Over 75 academics of Indian origin in Britain recently came out with an open letter in the British newspaper The Independent expressing how the idea of the BJP’s Narendra Modi coming to power in India fills them “with dread”. The academics went on to express concern over India’s democratic traditions and its secularism under a future Modi government.
This open letter is just the latest addition to a long narrative of fear and despair that has been the primary response of those who have deep, and justifiable, misgivings about Modi winning the present Lok Sabha elections and becoming the prime minister of the world’s largest democracy. It is self-evident that the other side of the coin of Modi’s mass appeal has been the massive apprehension that has followed in the wake of his rise as the widely speculated leading prime ministerial candidate. But should such apprehensions give way to dread and fear? Or is fear as a response to Modi symptomatic of something else?
We have all heard that dictators are often elected democratically, but the much neglected corollary of this statement is that there are those democratic systems that enable a dictator to be elected. Whether Modi is – or will become – an autocratic leader is something that will always be debatable, since the question produces different answers depending on one’s priorities. But to be afraid of a figure like Modi is not only a tacit acceptance of the inevitability of his victory, but is also symptomatic of our mistrust of our constitutional and democratic machinery. How strong is a system if one man coming to power fills people with dread that he will undo its very foundations? Is one man’s mass appeal enough to make us afraid that he will change a system of pluralism, secularism and socialist democracy that has been in place for over sixty years?
Mass appeal seems to be the primary suspect. Any criticism of the BJP’s prime ministerial candidate today is promptly countered by his supporters by demonstrating his mass appeal. Mass appeal and big numbers seem to validate any and every thing. It is perhaps the downside of a majoritarian system that right and wrong are eventually decided by numbers. But our constitution does not envision a majoritarian democracy, and our extensive machinery for the protection of minorities – in a nation of minorities– is testament to how we are supposed to be an inclusive welfare state and a federal consensus democracy. Given that, is our fear of Modi an indirect acceptance of the fact that we, and our elaborate system, boils down to being a simplistic majoritarian number game? If so, wouldn’t this fear signal the absolute failure of everything that our constitution stands for?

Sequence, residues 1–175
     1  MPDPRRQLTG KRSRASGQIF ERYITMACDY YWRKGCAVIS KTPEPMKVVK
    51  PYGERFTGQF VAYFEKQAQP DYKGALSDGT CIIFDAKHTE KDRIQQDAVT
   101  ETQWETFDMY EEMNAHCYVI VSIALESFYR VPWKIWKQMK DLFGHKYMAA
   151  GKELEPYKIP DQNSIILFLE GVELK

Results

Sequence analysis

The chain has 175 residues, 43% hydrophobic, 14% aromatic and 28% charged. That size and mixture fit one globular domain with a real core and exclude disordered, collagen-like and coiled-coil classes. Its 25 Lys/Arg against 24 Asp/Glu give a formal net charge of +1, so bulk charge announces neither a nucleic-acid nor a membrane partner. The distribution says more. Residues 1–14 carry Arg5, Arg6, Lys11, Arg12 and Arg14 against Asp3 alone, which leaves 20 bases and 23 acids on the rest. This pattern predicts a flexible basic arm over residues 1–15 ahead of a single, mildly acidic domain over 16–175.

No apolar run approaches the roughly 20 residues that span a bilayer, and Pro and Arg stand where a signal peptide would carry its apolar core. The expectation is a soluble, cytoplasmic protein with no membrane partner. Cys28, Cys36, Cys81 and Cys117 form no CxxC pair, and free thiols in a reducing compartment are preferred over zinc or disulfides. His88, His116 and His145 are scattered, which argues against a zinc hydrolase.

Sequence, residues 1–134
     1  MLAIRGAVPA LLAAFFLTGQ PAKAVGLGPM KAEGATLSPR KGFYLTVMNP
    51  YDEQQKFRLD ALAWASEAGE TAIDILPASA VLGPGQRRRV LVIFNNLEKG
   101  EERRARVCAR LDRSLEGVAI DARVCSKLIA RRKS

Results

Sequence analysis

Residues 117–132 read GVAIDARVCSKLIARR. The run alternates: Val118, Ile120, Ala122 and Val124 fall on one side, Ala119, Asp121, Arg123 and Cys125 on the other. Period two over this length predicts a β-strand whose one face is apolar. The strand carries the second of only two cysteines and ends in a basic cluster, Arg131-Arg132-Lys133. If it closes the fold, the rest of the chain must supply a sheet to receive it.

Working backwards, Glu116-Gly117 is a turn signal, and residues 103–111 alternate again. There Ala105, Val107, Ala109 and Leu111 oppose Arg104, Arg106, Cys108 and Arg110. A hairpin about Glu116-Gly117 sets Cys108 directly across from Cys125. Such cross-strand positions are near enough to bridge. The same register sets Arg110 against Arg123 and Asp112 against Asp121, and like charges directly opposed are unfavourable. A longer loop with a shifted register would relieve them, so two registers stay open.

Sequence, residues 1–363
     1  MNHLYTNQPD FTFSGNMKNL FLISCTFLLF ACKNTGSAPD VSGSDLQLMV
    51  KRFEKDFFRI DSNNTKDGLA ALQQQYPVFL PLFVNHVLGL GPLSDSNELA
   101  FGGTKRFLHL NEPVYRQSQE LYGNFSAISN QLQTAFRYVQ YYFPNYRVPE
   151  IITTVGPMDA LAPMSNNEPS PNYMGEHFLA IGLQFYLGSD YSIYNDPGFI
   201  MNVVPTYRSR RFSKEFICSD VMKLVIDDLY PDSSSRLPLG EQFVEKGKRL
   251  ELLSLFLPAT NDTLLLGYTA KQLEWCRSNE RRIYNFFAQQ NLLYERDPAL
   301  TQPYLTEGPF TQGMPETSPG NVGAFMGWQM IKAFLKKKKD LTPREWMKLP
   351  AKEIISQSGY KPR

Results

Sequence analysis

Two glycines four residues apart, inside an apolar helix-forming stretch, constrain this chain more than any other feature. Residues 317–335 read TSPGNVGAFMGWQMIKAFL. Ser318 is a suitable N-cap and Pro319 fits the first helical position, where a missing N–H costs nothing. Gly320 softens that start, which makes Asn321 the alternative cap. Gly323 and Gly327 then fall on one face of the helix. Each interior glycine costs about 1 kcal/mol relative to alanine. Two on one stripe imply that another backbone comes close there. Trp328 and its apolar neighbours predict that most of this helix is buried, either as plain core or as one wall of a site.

In a recent interview Narendra Modi went out of his way to assert how, if he comes to power, he will abide by the constitution and work within our constitutional framework. Quite apt for a champion of Hindutva, he called the Indian Constitution his ‘holy book’. This might be a token last minute gesture to allay the fears of those like the British academics that he will not destroy the very fabric of Indian culture and democratic tradition. But does that also mean that if he chooses to, he can destroy it? His legions of supporters might be as fickle as a Roman mob, but does our system allow a Caesar to rise?
The fear is still the main problem because power and hegemonic dominance work through fear. In our fear we are actually investing Modi with more power – pretty much telling him that he can actually destroy us and the nation. We must ask ourselves then, is dread our best response, even against the inevitable?
Our founding leaders reposed faith in the wisdom of an overwhelmingly illiterate electorate with full franchise at the time of Independence, despite large apprehensions about giving an uneducated person the right to vote. Perhaps the phenomenon of the rise of Narendra Modi is less important than the rise of this fear and dread. It becomes pertinent, and crucial, at this juncture to question our political system – our checks and balances – and to raise questions, not just on the man, but the country that is poised to elect such a man.
But the very worst thing we can do now is to despair, and to be afraid, as that is not the solution, and further undermines our own agency and power to do something about it. For the British academics, while their concern has its validity, dread was possibly the worst choice of words they could have used. Perhaps disappointment, or disdain- but we certainly mustn’t dread Modi, or any other.